The Government of Bhutan on Thursday refuted Chinese foreign ministry claims about Thimpu telling Beijing that the trilateral border stand-off area in Doklam in the Sikkim sector is not Bhutan’s territory.
A top Chinese diplomat Wang Wenli had claimed that Bhutan had conveyed to Beijing through diplomatic channels that the area of the standoff is not its territory.
Wang, who is the deputy director general of the Department of Boundary and Ocean Affairs in China’s foreign ministry, reportedly conveyed this information to a visiting Indian media delegation on Wednesday.
She, however, did not provide any evidence to back her claim, which has been strongly denied by Bhutan.
Official sources in the Bhutanese Government told ANI over phone, “Our position on the border issue of Doklam is very clear. Please refer to our statement which has been published on the web site of Bhutan’s foreign ministry on June 29, 2017.”
Reacting to the developments in Doklam, Bhutan had on June 29 issued a press release in which it clearly stated that the construction of the road inside Bhutanese territory is a direct violation of the agreements and affects the process of demarcating the boundary between the two countries.
In the press release, Bhutan said that the Chinese Army started constructing a motorable road from Dokola in the Doklam area towards the Bhutan Army camp at Zompelri on June 16, 2017.
It further said that the boundary talks between Bhutan and China were under way and the two countries had written agreements of 1988 and 1998 stating that they agree to maintain peace and tranquility in their border areas pending a final settlement on the boundary question. The two countries have also agreed to maintain status quo on the boundary as before March 1959 and refrain from taking unilateral action, or use of force, to change the status quo of the boundary.
Bhutan has hoped that the status quo in the Doklam area would be maintained by China as before 16 June 2017.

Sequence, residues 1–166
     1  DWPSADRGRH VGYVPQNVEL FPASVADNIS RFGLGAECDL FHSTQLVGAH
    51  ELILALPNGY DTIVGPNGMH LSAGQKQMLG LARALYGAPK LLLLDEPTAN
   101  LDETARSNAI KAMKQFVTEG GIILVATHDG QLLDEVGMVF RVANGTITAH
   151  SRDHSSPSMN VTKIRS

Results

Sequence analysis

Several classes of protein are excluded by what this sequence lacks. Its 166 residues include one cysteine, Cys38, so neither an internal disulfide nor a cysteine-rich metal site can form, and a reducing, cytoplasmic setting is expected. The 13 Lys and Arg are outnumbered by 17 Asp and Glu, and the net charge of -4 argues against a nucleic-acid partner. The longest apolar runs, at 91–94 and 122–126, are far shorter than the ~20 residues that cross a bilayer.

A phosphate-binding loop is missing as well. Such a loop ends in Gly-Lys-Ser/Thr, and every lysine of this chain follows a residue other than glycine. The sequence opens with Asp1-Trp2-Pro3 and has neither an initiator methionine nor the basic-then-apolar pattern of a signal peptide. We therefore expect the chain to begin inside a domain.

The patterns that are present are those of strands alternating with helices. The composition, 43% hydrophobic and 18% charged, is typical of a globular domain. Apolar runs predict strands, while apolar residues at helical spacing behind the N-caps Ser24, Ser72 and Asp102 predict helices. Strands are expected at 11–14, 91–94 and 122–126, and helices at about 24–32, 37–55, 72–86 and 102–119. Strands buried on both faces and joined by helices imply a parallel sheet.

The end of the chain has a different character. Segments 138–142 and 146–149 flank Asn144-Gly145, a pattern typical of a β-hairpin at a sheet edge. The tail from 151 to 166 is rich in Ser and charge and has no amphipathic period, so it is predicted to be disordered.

The Chinese diplomat, while acknowledging that Bhutan had intially protested about Beijing’s violation in the Doklam area, was quoted as saying, “After the incident, the Bhutanese made it very clear to us that the place where the trespassing happened is not Bhutan’s territory.”
She was further quoted as saying that “Bhutanese find it very strange that the Indian border troops are on the Chinese soil,” and implied that her views have been gleaned from Bhutanese state media and legal blogs which have “more convincing information”.
However, Bhutan has denied all these claims.
India has also cited the Bhutanese foreign ministry as emphasizing that “the construction of the road inside Bhutanese territory is a direct violation of the 1988 and 1998 agreements between Bhutan and China and affects the process of demarcating the boundary between these two countries.”
India has conveyed to China that the road construction would represent a significant change of status quo with serious security implications for New Delhi.
India has maintained both sides should first pull back their troops for any talks to take place.
Bhutan has no direct diplomatic relations with China and maintains contacts with Beijing through its diplomatic mission in New Delhi.